Did the internet prevent all invention from moving to one place?

Chris Forman, Avi Goldfarb, Shane Greenstein 23 May 2014

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Reading the technology press, it often seems as if the media think all high-tech invention happens in Silicon Valley. This parochial viewpoint highlights the ‘agglomeration’ advantages that the Valley provides to inventors because so many technology firms are located in the same place. These advantages include easier access to funding from local venture capitalists, sharing of fixed costs such as specialised patent lawyers, and easier exchange of ideas between researchers.

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Topics:  Frontiers of economic research Productivity and Innovation

Tags:  patents, information technology, technology, agglomeration, internet, economic geography, invention

Who benefits from state corporate tax cuts? A local labour markets approach with heterogeneous firms

Owen Zidar 13 December 2013

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State and local governments have been increasing business location incentives and cutting corporate taxes to attract businesses to their jurisdictions. For instance, Jay Inslee, the Gov. of Washington, recently passed a $9 billion corporate tax package for Boeing to retain its manufacturing base near Seattle. It is the largest corporate tax break any state has ever granted a company.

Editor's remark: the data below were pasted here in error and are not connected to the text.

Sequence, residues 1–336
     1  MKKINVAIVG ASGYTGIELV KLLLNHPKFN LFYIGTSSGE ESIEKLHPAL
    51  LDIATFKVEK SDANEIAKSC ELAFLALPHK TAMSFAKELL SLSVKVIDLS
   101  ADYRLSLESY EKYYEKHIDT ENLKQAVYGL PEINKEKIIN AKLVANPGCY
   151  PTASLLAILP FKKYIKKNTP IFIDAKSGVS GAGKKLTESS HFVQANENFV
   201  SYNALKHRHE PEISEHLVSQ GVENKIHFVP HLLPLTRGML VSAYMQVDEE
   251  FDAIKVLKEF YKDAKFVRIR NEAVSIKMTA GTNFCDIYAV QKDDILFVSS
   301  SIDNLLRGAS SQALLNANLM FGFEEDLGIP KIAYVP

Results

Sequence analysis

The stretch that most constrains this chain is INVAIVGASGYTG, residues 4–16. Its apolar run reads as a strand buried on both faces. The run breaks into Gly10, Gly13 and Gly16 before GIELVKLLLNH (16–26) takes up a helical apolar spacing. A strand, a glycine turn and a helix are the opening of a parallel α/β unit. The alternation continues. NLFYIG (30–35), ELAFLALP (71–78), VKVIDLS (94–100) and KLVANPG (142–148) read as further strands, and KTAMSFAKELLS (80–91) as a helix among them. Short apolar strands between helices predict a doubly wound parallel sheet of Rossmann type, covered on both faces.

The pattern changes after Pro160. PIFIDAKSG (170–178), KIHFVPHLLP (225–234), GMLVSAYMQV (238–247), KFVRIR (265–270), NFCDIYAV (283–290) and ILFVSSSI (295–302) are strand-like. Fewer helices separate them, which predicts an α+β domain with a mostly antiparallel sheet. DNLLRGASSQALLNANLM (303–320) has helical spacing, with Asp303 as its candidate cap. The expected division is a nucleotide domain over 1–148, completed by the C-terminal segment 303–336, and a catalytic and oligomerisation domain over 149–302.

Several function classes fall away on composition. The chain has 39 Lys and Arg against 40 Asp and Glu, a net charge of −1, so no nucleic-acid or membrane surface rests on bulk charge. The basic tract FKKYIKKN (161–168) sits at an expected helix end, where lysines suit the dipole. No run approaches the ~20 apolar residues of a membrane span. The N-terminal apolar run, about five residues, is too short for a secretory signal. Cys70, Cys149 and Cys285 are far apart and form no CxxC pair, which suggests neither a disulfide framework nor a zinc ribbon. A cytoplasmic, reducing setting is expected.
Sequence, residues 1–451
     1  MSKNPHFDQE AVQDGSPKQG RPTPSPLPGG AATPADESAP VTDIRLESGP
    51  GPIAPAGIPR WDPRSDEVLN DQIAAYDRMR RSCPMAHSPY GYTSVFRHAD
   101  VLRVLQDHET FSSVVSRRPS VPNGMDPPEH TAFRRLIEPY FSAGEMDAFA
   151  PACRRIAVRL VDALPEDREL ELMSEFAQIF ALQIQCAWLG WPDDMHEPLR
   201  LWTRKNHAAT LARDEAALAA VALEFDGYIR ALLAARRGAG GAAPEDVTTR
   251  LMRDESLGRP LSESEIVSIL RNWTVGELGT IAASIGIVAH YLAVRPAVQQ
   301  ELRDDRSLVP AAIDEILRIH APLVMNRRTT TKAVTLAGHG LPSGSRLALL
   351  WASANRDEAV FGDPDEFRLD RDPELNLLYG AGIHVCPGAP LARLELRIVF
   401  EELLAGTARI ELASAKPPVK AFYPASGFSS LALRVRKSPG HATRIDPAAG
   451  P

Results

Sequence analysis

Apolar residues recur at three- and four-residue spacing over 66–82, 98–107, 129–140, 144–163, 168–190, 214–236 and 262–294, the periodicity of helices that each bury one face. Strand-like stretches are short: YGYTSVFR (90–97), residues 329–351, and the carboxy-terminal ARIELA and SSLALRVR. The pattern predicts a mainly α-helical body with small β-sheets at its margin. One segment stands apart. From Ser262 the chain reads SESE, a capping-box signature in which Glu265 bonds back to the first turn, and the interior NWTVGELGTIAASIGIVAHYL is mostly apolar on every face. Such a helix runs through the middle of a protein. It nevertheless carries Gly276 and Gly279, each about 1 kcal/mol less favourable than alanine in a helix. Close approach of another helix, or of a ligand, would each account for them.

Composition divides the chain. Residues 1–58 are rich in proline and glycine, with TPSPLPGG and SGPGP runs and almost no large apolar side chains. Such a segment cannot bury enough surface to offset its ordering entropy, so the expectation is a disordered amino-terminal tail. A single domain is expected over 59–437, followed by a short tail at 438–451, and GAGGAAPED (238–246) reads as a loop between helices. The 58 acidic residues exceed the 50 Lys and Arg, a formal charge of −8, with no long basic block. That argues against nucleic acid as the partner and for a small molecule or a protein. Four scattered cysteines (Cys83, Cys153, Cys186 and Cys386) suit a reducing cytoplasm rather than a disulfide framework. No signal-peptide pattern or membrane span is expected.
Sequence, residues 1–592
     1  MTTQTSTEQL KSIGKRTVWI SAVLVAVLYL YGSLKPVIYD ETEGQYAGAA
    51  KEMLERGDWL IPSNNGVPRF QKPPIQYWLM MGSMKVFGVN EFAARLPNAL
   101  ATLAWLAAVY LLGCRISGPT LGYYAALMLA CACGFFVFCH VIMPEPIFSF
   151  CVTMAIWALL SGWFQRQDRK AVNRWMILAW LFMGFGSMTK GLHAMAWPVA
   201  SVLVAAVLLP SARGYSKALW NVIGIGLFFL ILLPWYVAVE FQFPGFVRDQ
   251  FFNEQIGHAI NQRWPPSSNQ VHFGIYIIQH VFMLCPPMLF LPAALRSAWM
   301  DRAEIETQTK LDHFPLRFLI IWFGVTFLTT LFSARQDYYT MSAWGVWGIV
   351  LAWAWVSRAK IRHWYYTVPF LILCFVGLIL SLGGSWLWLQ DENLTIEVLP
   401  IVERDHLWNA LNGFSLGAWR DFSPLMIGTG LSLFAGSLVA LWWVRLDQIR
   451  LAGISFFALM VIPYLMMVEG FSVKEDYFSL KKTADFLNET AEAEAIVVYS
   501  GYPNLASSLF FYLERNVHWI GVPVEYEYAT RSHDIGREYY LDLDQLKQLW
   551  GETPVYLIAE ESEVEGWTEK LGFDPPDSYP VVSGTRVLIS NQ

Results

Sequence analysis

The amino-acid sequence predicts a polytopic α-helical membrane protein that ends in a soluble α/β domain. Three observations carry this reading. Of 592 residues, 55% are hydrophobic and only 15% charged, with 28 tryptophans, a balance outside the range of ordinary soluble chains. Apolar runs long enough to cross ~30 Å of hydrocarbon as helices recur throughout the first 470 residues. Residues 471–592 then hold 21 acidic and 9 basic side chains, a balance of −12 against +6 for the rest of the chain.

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Topics:  Taxation

Tags:  taxation, economic geography

Why high-income places manufacture high-quality products

Jonathan Dingel 21 December 2013

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The well-known Linder hypothesis (1961) posits that profitably exporting a product requires robust demand for that product in the exporter's home market. Since higher-income consumers tend to purchase higher-quality products, Linder conjectured that demand by local consumers causes high-income countries to produce and export high-quality products. In contrast, the canonical factor-abundance theory of comparative advantage argues that high-income countries’ greater supply of capital and skills is the reason why they export high-quality products.

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Topics:  International trade

Tags:  trade, economic geography, quality specialisation

Distance frictions and firm border effects in knowledge creation: Evidence from Japanese patent data

Hiroyasu Inoue, Kentaro Nakajima, Yukiko Umeno Saito 25 October 2013

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Since 2001 the Japanese government has been implementing an industrial cluster policy – a set of measures to promote the formation of industrial clusters – in an attempt to promote innovation through the geographical proximity of businesses and thereby improve the nation’s competitiveness in the global market. Such policy is being pursued not only in Japan but also in many countries in Europe.